Hitchhiking through the Maritimes - and I need a travel partner
I'm a 22-year-old female university student, and soon I'll be heading off for a hitching trip through Atlantic Canada. The plan is to bounce between a couple of WWOOF stints, which allows me to catch my breath, enjoy free lodging and food, meet some farmfolk, volunteer and learn some homesteading skills, and enjoy the scene at a slower pace. When I'm not WWOOF'ing, I want to explore a few of the major Maritime cities and small towns, as well as a couple of nature parks. I might periodically couchsurf.
I'm hoping to travel for about a month, starting in Toronto and ending in St. John's (then coming home). I'm just bringing the basics: a light pack, a sleeping bag, a sleeping pad, a tarp or a tiny tent, three changes of clothes, and a few tools/etc. Since I don't want to hitch after dark, I might have to stealth camp relatively often. But as far as discomforts go, I think it's pretty mild and I kind of enjoy that sort of thing.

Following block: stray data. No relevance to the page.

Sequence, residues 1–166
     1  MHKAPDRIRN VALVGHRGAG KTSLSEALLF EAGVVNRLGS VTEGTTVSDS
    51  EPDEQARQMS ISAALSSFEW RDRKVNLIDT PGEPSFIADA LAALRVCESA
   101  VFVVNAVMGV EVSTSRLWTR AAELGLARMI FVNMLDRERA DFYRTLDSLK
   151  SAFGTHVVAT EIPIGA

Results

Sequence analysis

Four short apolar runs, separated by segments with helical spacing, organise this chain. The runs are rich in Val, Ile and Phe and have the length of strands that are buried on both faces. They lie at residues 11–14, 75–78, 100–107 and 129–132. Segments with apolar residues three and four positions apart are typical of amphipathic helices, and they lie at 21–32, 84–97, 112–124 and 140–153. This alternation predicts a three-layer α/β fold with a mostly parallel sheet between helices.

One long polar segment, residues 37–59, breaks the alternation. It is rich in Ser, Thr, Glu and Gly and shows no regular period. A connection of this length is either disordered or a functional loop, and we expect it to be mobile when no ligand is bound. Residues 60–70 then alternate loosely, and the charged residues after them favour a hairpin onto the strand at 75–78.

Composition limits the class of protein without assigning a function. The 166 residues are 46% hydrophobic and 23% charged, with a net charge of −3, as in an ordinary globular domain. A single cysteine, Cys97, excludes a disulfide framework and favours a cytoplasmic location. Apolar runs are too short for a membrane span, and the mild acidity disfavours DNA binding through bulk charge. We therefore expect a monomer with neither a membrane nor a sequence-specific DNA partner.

I'm leaving on this trip regardless, since I don't mind being alone. But it would be much better with a partner. The safety aspect makes me a little nervous, and the experience is more interesting when it's shared (no matter with whom). Waiting a long time for a ride can be especially lonely by yourself, and there are some challenges that are easier shouldered with a partner. And I just wanna be able to nudge someone's elbow and point out something cool.
I'm looking for someone around my age (19-30), but otherwise I'm not picky. As long as you have a positive attitude and don't mind getting a little scuffed up.
How about it? We have roughly a month of summer left! Let's do this.
P.S. I always seem to hear very negative and positive opinions about hitching, with seldom anything in-between. Oddly enough, the warnings and finger-wagging usually come from people who've never hitched and never plan to hitch - while the positive stories come from hitchhikers themselves (many of them solo females, I might add). I know hitching is inherently dangerous because you're putting yourself in a vulnerable position, but I don't think the roads are rife with psychopaths and opportunists. A healthy dose of common sense, vigilance, and a knife/pepper spray as backup are usually enough to keep you safe. And a partner, of course. So c'mon!